Loneliness and social skills of male college students

Donahoe, Eileen Marie (1983) Loneliness and social skills of male college students. Masters thesis, Memorial University of Newfoundland.

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Abstract

Evidence has suggested that there are behavioral differences between lonely and non-lonely people. The present study investigated the social behavior of lonely and non-lonely males in a naturalistic setting with a same sex stranger. It was hypothesized that lonely subjects would demonstrate less interest in their partners and be more anxious, hostile and depressed than non-lonely subjects. It was also hypothesized that the type of dyad subjects participated in would influence interpersonal behavior. -- Subjects were 56 male undergraduate students (mean age = 18.68). Subjects were paired in three kinds of dyads. Ten pairs were in dyads consisting of two lonely people; 10 pairs were in dyads of two non-lonely people and eight pairs were in a mixed dyad. Loneliness was categorized according to subjects' scores on the UCLA Loneliness Scale. -- Results showed that lonely subjects rated their partner's as more anxious than non-lonely subjects did (p < .05). Results also showed that the type of dyad did not affect the interaction. There were no other differences between lonely and non-lonely individuals. The results of the present study are discussed in light of methodological differences between the present and other studies and sex differences. --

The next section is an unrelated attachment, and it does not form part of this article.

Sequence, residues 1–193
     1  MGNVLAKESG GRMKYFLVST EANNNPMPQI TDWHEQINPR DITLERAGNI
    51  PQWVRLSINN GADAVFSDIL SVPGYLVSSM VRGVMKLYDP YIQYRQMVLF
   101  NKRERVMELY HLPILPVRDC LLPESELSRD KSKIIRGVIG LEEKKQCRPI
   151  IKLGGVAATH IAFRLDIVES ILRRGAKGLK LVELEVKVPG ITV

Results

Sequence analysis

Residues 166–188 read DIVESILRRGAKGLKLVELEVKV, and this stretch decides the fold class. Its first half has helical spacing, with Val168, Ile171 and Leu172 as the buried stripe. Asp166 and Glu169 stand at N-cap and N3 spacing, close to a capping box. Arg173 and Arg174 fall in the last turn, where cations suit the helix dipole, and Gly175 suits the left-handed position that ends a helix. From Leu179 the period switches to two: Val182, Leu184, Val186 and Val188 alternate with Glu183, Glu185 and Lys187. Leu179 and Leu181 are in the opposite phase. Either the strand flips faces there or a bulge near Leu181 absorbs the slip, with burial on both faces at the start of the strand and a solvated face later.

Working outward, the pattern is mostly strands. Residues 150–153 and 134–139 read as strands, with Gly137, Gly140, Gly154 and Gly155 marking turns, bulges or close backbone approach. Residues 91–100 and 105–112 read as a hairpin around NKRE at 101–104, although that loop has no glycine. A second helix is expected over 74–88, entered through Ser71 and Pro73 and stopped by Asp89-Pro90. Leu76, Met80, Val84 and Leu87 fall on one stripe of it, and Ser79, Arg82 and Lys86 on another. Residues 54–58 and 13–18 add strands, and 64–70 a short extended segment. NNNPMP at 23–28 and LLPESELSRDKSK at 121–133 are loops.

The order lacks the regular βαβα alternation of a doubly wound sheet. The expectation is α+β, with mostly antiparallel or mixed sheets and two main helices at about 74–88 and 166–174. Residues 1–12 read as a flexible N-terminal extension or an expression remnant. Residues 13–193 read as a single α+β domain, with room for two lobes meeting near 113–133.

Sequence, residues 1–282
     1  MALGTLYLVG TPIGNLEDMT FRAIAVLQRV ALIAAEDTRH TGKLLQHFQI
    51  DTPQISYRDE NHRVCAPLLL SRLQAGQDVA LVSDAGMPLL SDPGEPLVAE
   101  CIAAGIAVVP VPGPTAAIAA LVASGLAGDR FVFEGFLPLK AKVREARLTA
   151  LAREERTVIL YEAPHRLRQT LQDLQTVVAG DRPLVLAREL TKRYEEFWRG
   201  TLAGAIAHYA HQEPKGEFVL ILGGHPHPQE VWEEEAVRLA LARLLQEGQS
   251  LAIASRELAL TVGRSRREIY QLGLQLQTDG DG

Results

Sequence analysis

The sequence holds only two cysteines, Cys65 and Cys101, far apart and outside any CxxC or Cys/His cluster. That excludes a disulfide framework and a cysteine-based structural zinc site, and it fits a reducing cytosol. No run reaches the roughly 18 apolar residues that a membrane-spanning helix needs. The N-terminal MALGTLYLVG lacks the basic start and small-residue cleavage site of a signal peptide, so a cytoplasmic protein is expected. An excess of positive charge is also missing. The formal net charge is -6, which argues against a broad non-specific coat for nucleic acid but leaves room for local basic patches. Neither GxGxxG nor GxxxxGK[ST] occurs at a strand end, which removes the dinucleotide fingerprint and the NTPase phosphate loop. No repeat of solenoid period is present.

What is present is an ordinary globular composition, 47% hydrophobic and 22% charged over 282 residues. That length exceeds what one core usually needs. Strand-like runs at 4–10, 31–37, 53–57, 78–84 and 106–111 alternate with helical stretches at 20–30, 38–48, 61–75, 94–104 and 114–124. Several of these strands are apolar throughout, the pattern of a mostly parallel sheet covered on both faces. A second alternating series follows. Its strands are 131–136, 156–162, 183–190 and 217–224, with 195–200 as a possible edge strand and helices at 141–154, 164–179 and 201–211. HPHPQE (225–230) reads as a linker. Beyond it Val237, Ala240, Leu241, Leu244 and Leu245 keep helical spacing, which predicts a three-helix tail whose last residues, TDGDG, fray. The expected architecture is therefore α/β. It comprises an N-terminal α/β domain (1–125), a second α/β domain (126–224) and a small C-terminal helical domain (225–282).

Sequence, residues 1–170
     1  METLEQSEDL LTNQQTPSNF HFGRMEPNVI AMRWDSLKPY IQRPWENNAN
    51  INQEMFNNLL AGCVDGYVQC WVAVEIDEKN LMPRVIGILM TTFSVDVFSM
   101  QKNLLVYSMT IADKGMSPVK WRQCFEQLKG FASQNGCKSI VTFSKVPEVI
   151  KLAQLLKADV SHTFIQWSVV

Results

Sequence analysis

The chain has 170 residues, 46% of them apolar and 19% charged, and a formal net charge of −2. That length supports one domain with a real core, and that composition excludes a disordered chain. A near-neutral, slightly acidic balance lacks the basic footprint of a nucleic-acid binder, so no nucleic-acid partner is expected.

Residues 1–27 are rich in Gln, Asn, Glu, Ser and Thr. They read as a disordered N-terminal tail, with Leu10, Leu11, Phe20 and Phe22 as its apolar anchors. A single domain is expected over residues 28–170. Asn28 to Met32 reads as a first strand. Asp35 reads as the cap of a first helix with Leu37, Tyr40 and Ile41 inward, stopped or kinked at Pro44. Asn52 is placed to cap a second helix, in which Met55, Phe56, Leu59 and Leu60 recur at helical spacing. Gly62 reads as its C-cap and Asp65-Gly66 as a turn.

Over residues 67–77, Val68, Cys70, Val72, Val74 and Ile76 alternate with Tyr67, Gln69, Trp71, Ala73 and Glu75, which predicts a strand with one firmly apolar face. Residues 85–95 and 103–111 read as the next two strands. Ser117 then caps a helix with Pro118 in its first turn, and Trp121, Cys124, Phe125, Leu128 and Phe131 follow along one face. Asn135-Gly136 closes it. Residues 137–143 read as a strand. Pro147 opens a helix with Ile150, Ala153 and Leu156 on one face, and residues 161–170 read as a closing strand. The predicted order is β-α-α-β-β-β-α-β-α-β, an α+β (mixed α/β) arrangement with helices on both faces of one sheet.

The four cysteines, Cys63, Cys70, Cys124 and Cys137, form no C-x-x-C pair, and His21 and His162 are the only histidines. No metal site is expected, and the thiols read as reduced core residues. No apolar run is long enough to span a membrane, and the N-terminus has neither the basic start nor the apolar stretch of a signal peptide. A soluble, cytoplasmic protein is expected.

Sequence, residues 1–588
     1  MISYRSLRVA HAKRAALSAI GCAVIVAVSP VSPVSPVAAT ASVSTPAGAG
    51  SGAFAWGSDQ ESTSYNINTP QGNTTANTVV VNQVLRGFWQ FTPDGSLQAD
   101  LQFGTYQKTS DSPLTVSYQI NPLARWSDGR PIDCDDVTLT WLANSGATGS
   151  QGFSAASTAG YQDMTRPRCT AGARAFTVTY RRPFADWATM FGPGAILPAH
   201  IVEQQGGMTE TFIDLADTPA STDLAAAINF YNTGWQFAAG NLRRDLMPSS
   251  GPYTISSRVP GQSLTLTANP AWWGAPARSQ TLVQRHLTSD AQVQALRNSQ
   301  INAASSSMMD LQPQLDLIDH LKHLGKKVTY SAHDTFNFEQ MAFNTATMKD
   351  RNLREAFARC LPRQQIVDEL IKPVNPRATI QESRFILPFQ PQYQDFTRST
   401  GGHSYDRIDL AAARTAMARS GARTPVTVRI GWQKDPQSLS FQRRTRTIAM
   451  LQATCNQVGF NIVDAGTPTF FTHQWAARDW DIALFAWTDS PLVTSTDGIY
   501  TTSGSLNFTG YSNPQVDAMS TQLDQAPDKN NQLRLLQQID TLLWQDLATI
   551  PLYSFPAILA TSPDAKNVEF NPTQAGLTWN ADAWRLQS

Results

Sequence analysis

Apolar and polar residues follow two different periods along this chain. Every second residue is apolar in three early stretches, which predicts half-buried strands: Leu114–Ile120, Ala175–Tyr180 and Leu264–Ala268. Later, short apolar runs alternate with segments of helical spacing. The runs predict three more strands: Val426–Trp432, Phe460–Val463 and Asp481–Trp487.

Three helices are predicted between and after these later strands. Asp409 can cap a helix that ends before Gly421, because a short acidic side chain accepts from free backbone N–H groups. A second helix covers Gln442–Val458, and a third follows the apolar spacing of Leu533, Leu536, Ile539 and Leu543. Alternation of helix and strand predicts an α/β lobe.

Item Type: Thesis (Masters)
URI: http://research.library.mun.ca/id/eprint/10417
Item ID: 10417
Additional Information: Bibliography : leaves 58-61.
Department(s): Humanities and Social Sciences, Faculty of > Psychology
Science, Faculty of > Psychology
Date: 1983
Date Type: Submission
Library of Congress Subject Heading: College students--Psychology; Loneliness.

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